The ongoing challenge of telling my story

The John Rylands Library on Manchester’s Deansgate is one of the great libraries of Britain and is full of wonderful treasures. One of its ‘jewels’ is Bodmer Papyrus 52, which contains the words of John 18.31-33, 37-38, and dated around 125 AD is the oldest piece of the New Testament in the world. On display too are a host of illuminated medieval manuscripts along with a 1476 William Caxton edition of Chaucer’s Canterbury Tales. The library also hosts the archives of the Methodist Church and has arguably the greatest collection of documents relating to the birth and development of Nonconformity. Hence my pleasure when I was told that my book This is My Story: a story of life, faith and ministry (Wipf and Stock, Eugene, Oregon 2018 – and available worldwide through Amazon) had been “accessioned, catalogued, and added to stock within Special Collections”, for it is an “interesting and useful addition to our Non-Conformist collections”. The fact is that, as a retired Cambridge professor of modern church history commented,” the 20th century almost saw the demise of ministerial biographies and autobiographies, but they remain valuable sources for historians”.

But This is My Story is more than a resource for historians. As the cover blurb states, ‘This is a book for pastors – and for any Christian – who want the “inside story” of the pains and triumphs of a Christian leader’. In writing the book I had hoped that it would prove to be an inspiration and encouragement to ministers in general.

One surprise, however, has been the widespread appreciation of This is My Story by lay-people outside the Baptist denomination. A Crown Court judge wrote: “I have just finished TIMS with immense enjoyment – and profit. I’m not sure I have ever read a more candid, honest, frank and interesting account of a life and career in ministry. Quite fascinating!” The Master of my old Cambridge College said he was ordering copies for his family. The head master of my old school emailed to say he “felt so moved by God’s Spirit on reading Appendices 3 and 4 particularly”!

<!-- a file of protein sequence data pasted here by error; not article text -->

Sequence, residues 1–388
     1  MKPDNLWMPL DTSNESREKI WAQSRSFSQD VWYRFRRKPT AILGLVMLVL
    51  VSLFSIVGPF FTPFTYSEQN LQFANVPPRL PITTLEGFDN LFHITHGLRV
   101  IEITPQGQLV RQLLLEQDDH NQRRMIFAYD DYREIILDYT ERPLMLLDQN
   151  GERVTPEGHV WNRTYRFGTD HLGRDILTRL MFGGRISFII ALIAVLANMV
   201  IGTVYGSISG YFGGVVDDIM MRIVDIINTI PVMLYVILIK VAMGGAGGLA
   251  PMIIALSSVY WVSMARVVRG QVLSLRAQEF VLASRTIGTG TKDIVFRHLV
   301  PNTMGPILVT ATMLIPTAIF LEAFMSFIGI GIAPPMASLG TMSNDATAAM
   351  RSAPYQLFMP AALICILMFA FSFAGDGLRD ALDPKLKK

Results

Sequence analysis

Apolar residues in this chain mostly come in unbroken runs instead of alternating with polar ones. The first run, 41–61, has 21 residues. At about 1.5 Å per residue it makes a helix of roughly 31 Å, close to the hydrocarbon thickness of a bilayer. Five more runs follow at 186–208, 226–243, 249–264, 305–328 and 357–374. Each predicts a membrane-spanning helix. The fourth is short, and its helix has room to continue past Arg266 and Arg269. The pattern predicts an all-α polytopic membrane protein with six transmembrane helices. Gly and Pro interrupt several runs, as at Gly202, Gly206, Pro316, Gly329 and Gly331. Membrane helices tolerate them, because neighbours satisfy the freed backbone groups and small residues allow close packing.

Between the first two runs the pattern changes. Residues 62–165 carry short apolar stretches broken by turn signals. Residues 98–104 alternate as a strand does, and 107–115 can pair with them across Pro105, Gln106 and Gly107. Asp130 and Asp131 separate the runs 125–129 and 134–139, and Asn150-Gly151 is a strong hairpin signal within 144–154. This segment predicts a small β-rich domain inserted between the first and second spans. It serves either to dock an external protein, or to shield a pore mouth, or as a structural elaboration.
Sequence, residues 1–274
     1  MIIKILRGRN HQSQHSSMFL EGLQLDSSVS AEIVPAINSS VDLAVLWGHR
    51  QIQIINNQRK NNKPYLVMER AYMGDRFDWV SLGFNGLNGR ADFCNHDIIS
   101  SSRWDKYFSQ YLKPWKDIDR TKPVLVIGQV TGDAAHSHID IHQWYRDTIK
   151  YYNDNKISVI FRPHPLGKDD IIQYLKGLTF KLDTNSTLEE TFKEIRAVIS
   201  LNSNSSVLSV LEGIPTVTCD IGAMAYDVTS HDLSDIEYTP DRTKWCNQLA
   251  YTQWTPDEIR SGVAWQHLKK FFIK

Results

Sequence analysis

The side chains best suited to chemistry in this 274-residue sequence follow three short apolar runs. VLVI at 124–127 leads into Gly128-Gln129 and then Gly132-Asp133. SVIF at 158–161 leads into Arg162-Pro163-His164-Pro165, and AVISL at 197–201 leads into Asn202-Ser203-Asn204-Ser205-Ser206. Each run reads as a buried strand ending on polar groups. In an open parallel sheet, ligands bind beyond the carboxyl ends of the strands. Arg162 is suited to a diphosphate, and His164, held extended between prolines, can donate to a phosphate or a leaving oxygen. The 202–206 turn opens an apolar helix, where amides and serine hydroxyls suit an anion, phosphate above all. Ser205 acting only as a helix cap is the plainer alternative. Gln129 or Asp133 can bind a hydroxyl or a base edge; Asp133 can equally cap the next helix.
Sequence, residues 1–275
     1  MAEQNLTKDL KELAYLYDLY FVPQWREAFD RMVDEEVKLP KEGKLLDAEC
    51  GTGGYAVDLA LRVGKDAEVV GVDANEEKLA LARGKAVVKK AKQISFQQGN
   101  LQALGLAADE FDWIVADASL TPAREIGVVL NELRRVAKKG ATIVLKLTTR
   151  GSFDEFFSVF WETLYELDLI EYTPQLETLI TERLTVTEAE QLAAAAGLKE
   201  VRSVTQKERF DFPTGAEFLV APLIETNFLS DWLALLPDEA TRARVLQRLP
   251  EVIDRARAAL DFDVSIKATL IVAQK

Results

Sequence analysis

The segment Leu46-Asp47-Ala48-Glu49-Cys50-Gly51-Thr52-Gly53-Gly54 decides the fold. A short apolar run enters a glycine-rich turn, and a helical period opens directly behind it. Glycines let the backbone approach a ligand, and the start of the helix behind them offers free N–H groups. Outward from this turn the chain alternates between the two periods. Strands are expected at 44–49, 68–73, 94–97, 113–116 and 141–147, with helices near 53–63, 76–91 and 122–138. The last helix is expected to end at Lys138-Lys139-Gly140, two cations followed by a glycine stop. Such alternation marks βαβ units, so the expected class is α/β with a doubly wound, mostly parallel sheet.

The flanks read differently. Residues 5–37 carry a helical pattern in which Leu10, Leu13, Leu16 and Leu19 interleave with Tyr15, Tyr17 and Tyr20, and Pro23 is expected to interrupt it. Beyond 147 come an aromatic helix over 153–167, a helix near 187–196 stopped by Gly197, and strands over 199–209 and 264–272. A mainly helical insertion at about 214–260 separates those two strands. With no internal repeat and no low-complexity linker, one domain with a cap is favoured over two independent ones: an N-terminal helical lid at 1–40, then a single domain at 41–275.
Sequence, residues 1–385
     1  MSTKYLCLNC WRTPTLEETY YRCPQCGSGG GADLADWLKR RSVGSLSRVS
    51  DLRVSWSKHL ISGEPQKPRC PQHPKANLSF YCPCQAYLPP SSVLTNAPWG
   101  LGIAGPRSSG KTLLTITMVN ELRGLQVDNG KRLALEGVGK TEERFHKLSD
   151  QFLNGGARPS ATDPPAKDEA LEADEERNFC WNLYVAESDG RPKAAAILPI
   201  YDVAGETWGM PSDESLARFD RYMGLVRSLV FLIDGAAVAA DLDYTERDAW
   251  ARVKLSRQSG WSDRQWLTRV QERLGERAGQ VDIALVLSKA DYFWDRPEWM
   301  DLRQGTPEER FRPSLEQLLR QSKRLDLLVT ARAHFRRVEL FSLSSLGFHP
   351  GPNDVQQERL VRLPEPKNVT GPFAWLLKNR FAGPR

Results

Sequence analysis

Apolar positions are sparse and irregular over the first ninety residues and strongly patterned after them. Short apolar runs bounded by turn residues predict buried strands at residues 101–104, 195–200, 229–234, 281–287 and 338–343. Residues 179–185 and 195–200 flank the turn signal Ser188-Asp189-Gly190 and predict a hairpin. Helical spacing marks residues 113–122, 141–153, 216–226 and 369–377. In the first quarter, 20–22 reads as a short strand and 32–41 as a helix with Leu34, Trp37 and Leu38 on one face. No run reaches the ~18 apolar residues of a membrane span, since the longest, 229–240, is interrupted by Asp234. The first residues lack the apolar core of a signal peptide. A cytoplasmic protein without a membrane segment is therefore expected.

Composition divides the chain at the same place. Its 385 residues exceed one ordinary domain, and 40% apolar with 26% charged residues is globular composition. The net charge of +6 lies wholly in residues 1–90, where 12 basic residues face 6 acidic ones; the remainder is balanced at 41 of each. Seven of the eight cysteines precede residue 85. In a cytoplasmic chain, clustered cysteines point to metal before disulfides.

In addition, a lot of positive feedback about This is My Story has come from ministers’ families – their wives and their children. The wife of an independent pastor commented:

It is a masterpiece of learned wisdom shared with humility and grace acquired in the fiery furnace of affliction yet tempered with the joys of serving, studying and sharing life with a colourful collection of God’s people – some easy to love and some ‘slippery little suckers’ who were a challenge to greet with a brotherly kiss!

A bishop’s son wrote:

You and I inherited our vocation with our DNA, and you have been faithful to that in a remarkable way. I have hugely enjoyed ‘This is my story’: the standard you have set us, but also your honesty in sharing it.

I had some great comments from fellow ministers too, including a fellow Baptist author who wrote:

Your account breathes sincerity, honesty and generosity as well as being – the prime requirement for a memoir – interesting. Congratulations!

Yet, despite these kind comments and some remarkably positive reviews in Christian Today and the Baptist Times, I am only personally aware of some 270 copies having been sold (although perhaps at the end of the year I will be in for surprises once I receive the official figures). I am delighted that This is my Story is now to be found in many libraries – perhaps as many as 20. But I had hoped for a greater take-up by individuals. However, religious book-selling is in decline. There are fewer and fewer Christian bookshops. Christian publishers reflect the trend: for the most part their focus is on ‘big names’ and they tend to concentrate on a narrow range of text-books and of books dealing with contemporary ethics. Perhaps I should be young and trendy – although I am not sure that is much help for writing an autobiography! Alternatively, if I want to sell a book, I should deny some cardinal principle of the Christian faith or run off with the archbishop’s wife! Or maybe I should have written my autobiography while I was still the minister of a church – then all the members might have wanted a copy!

Still, the fact is that the initial inspiration in writing This is My Story was to provide a tale for my seven (now eight) grandchildren and to share with them my Christian faith – and in that respect I have succeeded. Nonetheless, if through this somewhat self-indulgent blog a few more copies were to be sold, that would be even better!

One comment

  1. Paul,you know I found your book a brilliant read while I was out in Canada last year and I think you should feel well satisfied with the lovely range of comments from so many different sources. While I probably agree with you that sensationalism often does sell books more effectively, you have to be true to yourself and it is that which is so appealing about your book. It was a hugely worthwhile project and will continue to be an inspiration for many people.

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